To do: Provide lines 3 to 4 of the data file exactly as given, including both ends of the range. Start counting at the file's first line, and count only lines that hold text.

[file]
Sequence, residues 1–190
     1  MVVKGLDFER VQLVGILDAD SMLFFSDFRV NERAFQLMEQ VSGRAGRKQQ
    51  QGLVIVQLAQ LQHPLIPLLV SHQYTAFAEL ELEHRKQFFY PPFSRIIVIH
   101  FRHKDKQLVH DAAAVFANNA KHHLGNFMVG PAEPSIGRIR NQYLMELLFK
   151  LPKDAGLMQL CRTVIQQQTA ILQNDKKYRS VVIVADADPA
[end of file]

    51  QGLVIVQLAQ LQHPLIPLLV SHQYTAFAEL ELEHRKQFFY PPFSRIIVIH
   101  FRHKDKQLVH DAAAVFANNA KHHLGNFMVG PAEPSIGRIR NQYLMELLFK